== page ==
public ExampleService(
        ILogger<ExampleService> logger,
        IOptions<ExampleService> options)
    {
        // omitted for brevity
    }
}

Register groups of services with extension methods

Microsoft Extensions uses a convention for registering a group of related services. The convention is to use a single Add{GROUP_NAME} extension method to register all of the services required by a framework feature. For example, the AddOptions extension method registers all of the services required for using options.

Framework-provided services

The ConfigureServices method registers services that the app uses, including platform features. Initially, the IServiceCollection provided to ConfigureServices has services defined by the framework depending on how the host was configured. For apps based on the .NET templates, the framework registers hundreds of services.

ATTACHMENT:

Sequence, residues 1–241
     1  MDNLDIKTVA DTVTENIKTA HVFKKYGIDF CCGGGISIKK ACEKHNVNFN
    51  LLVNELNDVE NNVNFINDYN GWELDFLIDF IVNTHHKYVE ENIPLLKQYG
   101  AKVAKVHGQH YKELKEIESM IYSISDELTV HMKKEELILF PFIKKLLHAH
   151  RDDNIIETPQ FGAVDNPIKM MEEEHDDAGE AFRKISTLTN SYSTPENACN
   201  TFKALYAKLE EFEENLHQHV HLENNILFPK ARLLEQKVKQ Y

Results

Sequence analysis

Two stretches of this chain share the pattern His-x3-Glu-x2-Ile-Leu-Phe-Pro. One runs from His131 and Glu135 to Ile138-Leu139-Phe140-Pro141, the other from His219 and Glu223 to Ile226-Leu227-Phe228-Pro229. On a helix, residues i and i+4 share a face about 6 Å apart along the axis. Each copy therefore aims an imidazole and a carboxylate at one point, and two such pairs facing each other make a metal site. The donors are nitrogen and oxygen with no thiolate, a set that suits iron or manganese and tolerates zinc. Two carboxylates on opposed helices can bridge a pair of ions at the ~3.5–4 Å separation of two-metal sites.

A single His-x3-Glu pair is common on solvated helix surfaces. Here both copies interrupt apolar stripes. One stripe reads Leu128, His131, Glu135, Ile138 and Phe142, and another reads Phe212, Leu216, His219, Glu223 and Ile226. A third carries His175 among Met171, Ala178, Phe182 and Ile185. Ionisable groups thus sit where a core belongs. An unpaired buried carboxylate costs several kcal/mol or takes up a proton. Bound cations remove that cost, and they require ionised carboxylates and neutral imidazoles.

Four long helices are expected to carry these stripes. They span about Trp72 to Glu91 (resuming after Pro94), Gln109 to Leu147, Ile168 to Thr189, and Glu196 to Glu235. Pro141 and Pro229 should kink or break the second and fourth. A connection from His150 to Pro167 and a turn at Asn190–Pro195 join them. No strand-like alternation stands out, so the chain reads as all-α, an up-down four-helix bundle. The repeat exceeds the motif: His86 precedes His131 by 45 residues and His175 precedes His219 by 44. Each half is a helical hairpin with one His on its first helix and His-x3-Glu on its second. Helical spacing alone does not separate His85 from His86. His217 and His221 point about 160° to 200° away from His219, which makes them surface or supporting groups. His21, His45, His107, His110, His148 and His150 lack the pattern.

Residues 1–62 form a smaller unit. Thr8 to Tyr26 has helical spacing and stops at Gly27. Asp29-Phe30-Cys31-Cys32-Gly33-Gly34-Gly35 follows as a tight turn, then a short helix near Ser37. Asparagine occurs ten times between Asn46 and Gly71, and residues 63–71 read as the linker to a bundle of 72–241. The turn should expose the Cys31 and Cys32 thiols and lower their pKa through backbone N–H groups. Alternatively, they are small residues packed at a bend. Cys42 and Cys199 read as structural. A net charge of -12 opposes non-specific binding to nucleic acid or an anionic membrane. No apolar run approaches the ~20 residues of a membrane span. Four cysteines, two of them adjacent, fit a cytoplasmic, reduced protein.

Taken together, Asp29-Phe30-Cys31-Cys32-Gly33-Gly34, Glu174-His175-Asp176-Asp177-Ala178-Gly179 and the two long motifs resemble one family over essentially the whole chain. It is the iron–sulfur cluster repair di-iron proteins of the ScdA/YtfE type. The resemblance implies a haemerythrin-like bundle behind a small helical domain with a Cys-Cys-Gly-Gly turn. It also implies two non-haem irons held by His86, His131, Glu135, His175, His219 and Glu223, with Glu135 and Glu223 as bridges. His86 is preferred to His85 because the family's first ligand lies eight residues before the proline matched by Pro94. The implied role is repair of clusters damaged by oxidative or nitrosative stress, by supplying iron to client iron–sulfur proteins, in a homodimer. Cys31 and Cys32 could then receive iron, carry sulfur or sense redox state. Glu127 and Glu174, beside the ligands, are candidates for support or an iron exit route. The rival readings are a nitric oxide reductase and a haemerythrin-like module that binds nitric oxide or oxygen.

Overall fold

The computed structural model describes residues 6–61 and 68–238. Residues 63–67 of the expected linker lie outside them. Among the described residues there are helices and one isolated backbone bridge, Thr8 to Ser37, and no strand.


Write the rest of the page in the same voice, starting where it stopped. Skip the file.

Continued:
The following table lists a small sample of these framework-registered services:

Service Type Lifetime
Microsoft.Extensions.DependencyInjection.IServiceScopeFactory Singleton
IHostApplicationLifetime Singleton
Microsoft.Extensions.Logging.ILogger<TCategoryName> Singleton
Microsoft.Extensions.Logging.ILoggerFactory Singleton
Microsoft.Extensions.ObjectPool.ObjectPoolProvider Singleton
Microsoft.Extensions.Options.IConfigureOptions<TOptions> Transient
Microsoft.Extensions.Options.IOptions<TOptions> Singleton
System.Diagnostics.DiagnosticListener Singleton
System.Diagnostics.DiagnosticSource Singleton

Service lifetimes

Services can be registered with one of the following lifetimes:

  • Transient
  • Scoped